What is mythicism?Question: "What is mythicism?"
Answer: Mythicism is the belief that Jesus Christ never existed as a historical figure but was derived from a group of mythical gods and demigods from Greek and Roman times. Mythicism claims that, since certain supernatural powers or feats were described prior to the rise of Christianity, then Christians could have simply incorporated them into their new religion.
For example, a mythicist might believe that followers of Christ “borrowed” the powers ascribed to Asclepius, the Greek god of medicine (Jesus is called the Great Physician), fathered by the god Apollo and his mother, a mortal woman (Jesus is the Son of the Father and was born of a virgin). The symbol of Asclepius was a serpent wound around a staff, and Jesus compared Himself to a serpent that was lifted up in the desert by Moses as a foreshadowing of His being raised up on the cross (Numbers 21:9; John 3:14–15). Mythicists use these examples and others to defend their beliefs.
Mythicism denies that Jesus has come in the flesh and is from God. But the apostle John warns against the empty philosophies that deny the One who came to save mankind. Such denials are of the devil. “Beloved, do not believe every spirit, but test the spirits, whether they are of God; because many false prophets have gone out into the world. By this you know the Spirit of God: Every spirit that confesses that Jesus Christ has come in the flesh is of God, and every spirit that does not confess that Jesus Christ has come in the flesh is not of God” (1 John 4:1–3a).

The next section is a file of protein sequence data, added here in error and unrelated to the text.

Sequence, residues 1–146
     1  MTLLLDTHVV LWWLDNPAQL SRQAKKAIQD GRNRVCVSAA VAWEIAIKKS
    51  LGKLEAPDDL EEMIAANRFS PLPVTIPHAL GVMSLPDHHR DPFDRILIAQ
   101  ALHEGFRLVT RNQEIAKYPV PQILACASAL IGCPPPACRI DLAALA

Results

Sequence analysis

The truth is that Jesus really did exist. The truth is that the Gospels are not copies of ancient mythologies. The claims of mythicism are totally false, and, like all lies, they are designed to catch the unsuspecting and shipwreck the faith of immature believers. The only sure way to recognize the lies is to be intimately familiar with the Truth. We do this by seeking truth in everything and comparing everything we hear with the Word of God, just as the Bereans did. “These were more fair-minded than those in Thessalonica, in that they received the word with all readiness, and searched the Scriptures daily to find out whether these things were so. Therefore many of them believed, and also not a few of the Greeks, prominent women as well as men” (Acts 17:11–12).
Recommended Resource: I Don't Have Enough Faith to be an Atheist by Norm Geisler and Frank Turek
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